Brand identity has been explained as the way a company conveys themselves, their core associations indicating the company’s promise to its customers.  It is through their brand identity that the company communicates its uniqueness and character. Brand identity origins from the sender’s (the company) side. It is created internally and for an identity to consistently carry what manager’s desire customers to perceive, managers need to be clear and concise when delivering the message. Moreover, the sender must know who they wish to reach and what responses they wish to get. Companies communicate and advertise in order to present and strengthen their brand identity. However that brand identity creation takes place even before one communicates the wanted identity through a marketing channel.  Furthermore, a strong brand identity can help to build trust between the brand and customer, and thus it can be a source of differentiation. Customers play an important  role  since  they  are  the  ones  who  define  and  redefine  the  identity. Brand identity consists of the following components: personality, culture, and self-image, which all allow the company to specify their brand’s meaning

If a company has a focus on their target group and does research regarding it, one can with adapted pictures that are appealing to the specific target group achieve a similar brand image to brand identity. Additionally if one has a focus on creating a strong and long term relationship with customers through pictures, comments and hashtags, it may build trust and thereby receive loyal followers with a greater understanding of the brand. The creation of relationships via Instagram allows one to be more personal and enables customers to identify themselves with the brand, which indicate a stronger bond between the two parties. This then implies that there is a possibility to bring brand identity and brand image closer together.

From KL to London: Ariff AB

Written by: Ros Syafiqah Roslan

Who is Ariff AB? Who is he you might ask. Malaysians know Yuna and Zee Avi (Malaysian artists who made it big overseas). Majority of Malaysians haven’t heard of Ariff AB till now. With only a mere 222 subscribers on his Youtube channel and 267 followers on his Soundcloud page, he is however, an uprising Malaysian Indie singer/songwriter who is currently trying to make it big in London. Using Ariff AB as his stage name, he started his journey in singing and songwriting without having any experience or background in music. After he realized that there is no hope for him to be a sportsman, he then made a decision to jump into the music world. Ariff who usually performs with his dark glasses on; indoors or outdoors, says that as a shy person he wears dark glasses to make him feel less inhibited.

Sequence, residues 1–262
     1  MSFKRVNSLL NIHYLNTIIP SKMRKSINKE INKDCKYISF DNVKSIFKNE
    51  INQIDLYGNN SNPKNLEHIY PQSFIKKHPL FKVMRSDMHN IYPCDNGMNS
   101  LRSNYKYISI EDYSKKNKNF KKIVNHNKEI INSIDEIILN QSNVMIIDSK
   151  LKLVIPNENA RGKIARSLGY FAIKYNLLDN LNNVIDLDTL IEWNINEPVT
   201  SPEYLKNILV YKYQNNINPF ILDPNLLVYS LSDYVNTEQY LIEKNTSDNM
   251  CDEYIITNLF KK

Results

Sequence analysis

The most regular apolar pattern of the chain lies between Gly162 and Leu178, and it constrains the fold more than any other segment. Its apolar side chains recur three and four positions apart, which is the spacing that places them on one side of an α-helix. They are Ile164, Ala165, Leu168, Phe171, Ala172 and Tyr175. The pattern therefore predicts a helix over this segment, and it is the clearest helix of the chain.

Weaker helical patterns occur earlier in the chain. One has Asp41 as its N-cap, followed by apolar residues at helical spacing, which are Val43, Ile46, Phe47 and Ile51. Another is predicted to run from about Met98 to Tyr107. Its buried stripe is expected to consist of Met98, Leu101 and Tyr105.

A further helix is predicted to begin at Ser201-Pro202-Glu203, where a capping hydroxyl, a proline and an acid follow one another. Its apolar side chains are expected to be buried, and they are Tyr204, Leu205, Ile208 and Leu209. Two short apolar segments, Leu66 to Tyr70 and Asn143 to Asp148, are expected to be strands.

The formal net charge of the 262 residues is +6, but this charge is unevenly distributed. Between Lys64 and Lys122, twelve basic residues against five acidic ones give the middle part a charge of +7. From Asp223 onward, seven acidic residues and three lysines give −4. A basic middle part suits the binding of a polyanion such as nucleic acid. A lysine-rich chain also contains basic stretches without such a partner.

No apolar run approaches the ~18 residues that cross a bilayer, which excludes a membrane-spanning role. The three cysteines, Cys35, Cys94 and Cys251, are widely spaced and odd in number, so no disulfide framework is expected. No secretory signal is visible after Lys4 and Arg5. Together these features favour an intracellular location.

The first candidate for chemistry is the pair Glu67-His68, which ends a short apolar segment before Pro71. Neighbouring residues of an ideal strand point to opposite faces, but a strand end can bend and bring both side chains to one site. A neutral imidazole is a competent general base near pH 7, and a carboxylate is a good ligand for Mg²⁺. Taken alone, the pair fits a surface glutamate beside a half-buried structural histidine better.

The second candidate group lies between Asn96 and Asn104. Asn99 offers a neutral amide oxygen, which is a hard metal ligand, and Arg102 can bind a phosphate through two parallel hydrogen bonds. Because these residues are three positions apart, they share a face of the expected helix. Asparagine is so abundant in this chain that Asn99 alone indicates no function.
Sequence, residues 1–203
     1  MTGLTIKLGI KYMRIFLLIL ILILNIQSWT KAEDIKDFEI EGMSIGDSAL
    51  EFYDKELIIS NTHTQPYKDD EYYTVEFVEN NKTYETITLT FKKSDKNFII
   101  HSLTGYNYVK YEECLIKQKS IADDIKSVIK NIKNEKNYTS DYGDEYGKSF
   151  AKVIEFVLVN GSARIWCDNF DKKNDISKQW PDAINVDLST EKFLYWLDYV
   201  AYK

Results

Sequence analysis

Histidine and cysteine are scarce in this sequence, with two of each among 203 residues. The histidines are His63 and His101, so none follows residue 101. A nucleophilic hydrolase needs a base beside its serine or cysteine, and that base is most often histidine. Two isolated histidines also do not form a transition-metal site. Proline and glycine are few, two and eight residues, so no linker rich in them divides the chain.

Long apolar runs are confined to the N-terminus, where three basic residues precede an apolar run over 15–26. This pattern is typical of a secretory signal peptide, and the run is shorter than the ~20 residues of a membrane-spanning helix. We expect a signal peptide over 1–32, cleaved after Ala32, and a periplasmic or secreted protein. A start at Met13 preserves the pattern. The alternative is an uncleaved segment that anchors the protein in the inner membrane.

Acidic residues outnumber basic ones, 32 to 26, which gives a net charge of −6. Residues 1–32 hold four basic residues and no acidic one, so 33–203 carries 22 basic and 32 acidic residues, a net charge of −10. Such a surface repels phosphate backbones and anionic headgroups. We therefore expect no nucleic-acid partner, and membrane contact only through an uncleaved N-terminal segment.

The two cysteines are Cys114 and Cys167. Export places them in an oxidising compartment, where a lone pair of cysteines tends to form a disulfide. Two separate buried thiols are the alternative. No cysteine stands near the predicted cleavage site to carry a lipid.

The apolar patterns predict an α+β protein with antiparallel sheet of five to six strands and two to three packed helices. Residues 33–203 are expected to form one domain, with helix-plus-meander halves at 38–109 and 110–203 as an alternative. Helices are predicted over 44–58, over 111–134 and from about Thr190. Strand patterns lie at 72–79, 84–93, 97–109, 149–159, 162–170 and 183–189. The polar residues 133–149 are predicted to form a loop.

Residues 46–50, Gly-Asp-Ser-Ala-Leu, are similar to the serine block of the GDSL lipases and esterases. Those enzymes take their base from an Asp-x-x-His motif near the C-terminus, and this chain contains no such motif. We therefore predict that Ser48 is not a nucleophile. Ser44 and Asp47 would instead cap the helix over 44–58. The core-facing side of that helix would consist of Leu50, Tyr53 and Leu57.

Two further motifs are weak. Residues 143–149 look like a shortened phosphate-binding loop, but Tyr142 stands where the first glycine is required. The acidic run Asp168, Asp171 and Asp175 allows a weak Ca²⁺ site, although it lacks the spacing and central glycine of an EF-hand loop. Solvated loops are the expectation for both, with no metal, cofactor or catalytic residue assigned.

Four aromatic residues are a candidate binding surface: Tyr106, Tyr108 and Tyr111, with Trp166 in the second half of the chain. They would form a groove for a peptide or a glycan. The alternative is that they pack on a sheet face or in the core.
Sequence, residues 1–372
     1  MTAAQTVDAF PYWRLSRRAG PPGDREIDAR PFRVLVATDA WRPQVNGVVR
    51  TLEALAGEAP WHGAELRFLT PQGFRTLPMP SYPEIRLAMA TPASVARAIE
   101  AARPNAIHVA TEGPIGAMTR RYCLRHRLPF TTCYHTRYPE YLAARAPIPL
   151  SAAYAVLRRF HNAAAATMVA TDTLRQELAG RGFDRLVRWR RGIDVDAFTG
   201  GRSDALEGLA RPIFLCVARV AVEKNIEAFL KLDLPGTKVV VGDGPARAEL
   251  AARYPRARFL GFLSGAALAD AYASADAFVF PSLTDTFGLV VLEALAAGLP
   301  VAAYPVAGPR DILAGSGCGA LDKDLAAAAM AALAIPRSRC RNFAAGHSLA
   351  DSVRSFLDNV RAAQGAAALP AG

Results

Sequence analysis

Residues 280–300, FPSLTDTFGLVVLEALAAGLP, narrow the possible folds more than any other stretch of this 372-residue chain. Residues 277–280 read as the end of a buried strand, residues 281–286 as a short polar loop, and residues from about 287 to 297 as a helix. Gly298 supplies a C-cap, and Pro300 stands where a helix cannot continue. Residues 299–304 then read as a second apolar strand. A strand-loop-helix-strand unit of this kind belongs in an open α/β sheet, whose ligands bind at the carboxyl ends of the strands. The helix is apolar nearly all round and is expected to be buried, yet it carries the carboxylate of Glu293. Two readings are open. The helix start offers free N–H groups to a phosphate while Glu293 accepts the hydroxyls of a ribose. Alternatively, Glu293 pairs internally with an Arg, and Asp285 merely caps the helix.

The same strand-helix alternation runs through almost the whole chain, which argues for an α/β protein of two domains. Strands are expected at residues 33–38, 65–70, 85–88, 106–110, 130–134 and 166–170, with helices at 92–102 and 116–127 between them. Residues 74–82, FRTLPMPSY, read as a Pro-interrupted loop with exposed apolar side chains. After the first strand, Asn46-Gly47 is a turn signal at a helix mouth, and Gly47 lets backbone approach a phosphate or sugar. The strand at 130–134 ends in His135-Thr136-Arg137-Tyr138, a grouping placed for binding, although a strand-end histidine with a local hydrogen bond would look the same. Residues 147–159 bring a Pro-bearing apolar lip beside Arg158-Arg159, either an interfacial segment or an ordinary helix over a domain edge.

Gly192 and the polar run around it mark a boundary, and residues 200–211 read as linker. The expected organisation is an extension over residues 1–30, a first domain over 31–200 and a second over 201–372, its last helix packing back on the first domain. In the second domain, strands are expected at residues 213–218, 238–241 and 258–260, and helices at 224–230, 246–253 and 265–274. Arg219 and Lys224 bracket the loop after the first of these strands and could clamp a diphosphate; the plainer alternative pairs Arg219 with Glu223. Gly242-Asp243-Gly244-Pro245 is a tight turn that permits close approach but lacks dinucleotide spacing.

It all started when Ariff took part in a singer-songwriter competition in Kuala Lumpur in 2009. He failed at his first, second, third, and even his fourth attempt on winning the competition. That would be an indication to ‘STOP WHAT YOU ARE DOING’ for some, but not for Ariff AB. He finally made it to the finals and won the competition at his fifth attempt by performing his first composition,‘Heart Train’. As a result of his victory, he received an invitation to perform internationally at the World Expo in Shanghai, China. Since then he performed internationally in countries such as Singapore, Indonesia, and Thailand and in 2013, he went to the UK and became more exposed to the music industry there after he created his Soundcloud page. He gained more listeners when he released ‘Transmission’, a mini album that contains six tracks and uploaded one of his songs, ‘Bye Bye Baby’ onto Soundcloud which then became a hit.


Ariff AB describe his music genre as Alternative Indie Freak Folk. Freak Folk? Is there such genre? Apparently, there is! Freak Folk is a sub-genre of folk music in which its artists use mainly acoustic instruments but inject elements of avant-garde and psychedelic influences that produces uncommon sounds, lyrical themes, and vocal styles. ‘Rundown’, one of Ariff’s songs, made it on BBC Radio 1 and 2 and that was when he was contacted by Patrick Lyons, a New Musical Express (NME) award-winner. He became Ariff’s talent agent and pointed out which direction should Ariff take and managed to secure several gigs and radio interviews. As Ariff recalls in his interview with the New Strait Times,